Archive for May, 2015

PSJD Public Interest News Digest – May 29, 2015

by Christina Jackson, NALP Director of Public Service Initiatives & Fellowships

Happy Friday!  Can you believe it’s the end of May already?  Time to turn our attention to summer plans.  Are you going to a new city?  Check out PSJD’s Having Fun on the Cheap series for fun and inexpensive activities in your area.

Here are the week’s headlines:

  • William & Mary’s Puller Veterans Benefits Clinic receives Dominion Foundation grant;
  • Maine Governor proposes public defender system;
  • Layoffs in DA’s office in Massachusetts;
  • Susan M. Finegan named co-chair of Massachusetts Access to Justice Commission;
  • Legal aid, law firms, and lawyers of color;
  • Spotlight on Public Service Servants;
  • Super Music Bonus!

The summaries:

May 21, 2015 – “William & Mary Law School’s Lewis B. Puller, Jr. Veterans Benefits Clinic received a $25,000 grant from the Dominion Foundation, the philanthropic arm of Dominion Resources, parent company of Dominion Virginia Power. ‘Dominion Foundation is joining William & Mary Law School in supporting work on behalf of veterans in procuring their disability benefits,’ said Davison M. Douglas, dean of the Law School. ‘We now have a model we want to take to other law schools across the country; this support from Dominion Foundation is going to be of tremendous help.’ Part of the Dominion Foundation’s grant will be used for seed funding for the National Law School Veterans Clinic Coalition, a recently established organization created to provide a unified voice to identify and advance the needs of law school veterans clinics and, more importantly, the veterans they serve. It will serve as an advocate before the U.S. Department of Veterans Affairs, U.S. Congress and other federal entities. With the seed funding from Dominion, it is hoped that the coalition will double its clinic membership in the coming year, and significantly increase the number of veterans served by law school clinics nationwide.” (W&M Law School press release)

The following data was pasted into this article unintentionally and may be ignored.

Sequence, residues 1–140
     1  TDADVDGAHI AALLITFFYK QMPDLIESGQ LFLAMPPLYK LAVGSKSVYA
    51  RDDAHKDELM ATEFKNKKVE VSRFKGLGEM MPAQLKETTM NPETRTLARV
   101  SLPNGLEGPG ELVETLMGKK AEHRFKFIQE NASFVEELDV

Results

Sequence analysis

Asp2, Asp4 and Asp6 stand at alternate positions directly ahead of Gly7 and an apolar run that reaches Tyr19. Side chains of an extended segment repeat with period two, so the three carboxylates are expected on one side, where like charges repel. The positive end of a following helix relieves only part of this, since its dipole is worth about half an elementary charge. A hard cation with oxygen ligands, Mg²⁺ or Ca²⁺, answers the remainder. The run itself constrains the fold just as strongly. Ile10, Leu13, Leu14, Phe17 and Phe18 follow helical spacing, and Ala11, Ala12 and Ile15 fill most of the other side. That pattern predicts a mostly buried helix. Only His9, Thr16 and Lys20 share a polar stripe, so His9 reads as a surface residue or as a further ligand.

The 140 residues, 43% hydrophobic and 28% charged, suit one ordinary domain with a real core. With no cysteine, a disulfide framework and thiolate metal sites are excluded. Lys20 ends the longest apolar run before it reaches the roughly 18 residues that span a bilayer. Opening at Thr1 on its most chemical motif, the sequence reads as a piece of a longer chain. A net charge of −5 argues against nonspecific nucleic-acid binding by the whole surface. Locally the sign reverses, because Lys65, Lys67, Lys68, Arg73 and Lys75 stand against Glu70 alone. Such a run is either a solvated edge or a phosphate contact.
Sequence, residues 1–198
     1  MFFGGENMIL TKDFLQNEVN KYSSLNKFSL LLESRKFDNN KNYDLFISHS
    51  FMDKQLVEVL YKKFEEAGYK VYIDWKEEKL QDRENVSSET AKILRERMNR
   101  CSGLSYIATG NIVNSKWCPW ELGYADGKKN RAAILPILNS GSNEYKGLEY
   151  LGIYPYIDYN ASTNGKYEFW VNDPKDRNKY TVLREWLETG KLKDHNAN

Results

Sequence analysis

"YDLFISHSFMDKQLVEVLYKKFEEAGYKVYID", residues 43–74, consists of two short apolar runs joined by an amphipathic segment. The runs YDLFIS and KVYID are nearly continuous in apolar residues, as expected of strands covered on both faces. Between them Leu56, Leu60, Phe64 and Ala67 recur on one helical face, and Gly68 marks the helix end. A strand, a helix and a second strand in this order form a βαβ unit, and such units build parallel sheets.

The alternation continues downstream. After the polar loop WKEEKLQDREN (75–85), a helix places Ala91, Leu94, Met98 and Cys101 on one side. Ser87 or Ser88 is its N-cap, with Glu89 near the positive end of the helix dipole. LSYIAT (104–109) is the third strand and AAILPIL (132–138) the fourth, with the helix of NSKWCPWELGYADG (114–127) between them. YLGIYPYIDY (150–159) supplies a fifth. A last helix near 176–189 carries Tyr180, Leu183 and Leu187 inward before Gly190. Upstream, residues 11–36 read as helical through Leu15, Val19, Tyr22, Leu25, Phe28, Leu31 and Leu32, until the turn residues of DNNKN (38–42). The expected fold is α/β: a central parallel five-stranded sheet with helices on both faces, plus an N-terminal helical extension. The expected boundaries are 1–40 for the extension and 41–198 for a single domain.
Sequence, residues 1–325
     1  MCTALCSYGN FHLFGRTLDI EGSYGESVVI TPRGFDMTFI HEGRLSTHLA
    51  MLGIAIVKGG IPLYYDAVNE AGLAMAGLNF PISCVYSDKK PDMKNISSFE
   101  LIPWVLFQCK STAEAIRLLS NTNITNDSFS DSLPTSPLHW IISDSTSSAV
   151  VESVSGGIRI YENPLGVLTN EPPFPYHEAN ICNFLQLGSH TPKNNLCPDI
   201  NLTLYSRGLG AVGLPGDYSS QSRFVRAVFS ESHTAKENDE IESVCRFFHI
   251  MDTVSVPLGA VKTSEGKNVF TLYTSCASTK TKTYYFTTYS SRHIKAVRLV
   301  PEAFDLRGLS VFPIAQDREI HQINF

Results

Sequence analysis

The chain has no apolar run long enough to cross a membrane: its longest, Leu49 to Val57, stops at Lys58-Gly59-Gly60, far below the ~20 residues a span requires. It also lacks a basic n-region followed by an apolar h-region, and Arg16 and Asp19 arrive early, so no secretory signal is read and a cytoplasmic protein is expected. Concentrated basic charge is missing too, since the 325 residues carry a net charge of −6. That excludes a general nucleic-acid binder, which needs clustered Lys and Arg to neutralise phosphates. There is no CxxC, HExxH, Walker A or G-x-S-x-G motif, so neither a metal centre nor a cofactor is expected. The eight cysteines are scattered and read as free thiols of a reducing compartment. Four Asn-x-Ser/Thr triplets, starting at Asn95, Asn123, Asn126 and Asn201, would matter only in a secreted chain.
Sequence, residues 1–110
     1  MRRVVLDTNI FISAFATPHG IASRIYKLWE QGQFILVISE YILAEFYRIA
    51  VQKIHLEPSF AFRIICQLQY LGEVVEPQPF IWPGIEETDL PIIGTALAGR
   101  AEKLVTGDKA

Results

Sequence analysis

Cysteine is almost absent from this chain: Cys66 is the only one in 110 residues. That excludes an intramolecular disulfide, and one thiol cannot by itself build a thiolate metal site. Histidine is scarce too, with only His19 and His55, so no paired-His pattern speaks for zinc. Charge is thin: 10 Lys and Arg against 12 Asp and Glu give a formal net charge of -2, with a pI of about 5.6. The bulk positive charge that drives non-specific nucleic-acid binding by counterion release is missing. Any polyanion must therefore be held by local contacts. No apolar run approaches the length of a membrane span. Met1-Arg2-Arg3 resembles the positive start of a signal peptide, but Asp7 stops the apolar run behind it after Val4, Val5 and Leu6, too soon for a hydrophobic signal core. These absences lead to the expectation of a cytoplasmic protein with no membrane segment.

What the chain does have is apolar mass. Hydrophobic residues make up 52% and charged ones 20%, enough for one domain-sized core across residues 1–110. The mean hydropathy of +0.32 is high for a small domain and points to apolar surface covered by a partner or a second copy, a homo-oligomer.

May 26, 2015 – “Gov. Paul LePage has submitted legislation that would create a new system of public defenders to assure that every poor Maine resident charged with a crime receives adequate legal representation. Maine is the only state without public defenders, and has long relied on paying individual lawyers on a case-by-case basis. Sen. David Burns, a Republican from Whiting, co-chairs the Judiciary Committee and is sponsoring the bill for the governor.”  (MPBN News)

May 26, 2015 – “Four Norfolk County prosecutors have been laid off due to statewide budget cuts on district attorneys, and leaders in the legal community are concerned that the firings are an ominous harbinger for the criminal justice system. ‘It’s a bit of a frightening situation because these are the people in the front lines,’ said Marsha V. Kazarosian, president of the Massachusetts Bar Association. ‘They do the lion’s share of the work. It’s of great concern that you have to start laying people off. The end result is, people won’t have access to justice.’ Norfolk District Attorney Michael Morrissey said the layoffs came in response to Gov. Charlie Baker’s unilateral budget cuts in early February. That essentially doubled the impact on Morrissey’s office, he said, because he had only half a fiscal year to make up the difference.”  (Boston Herald)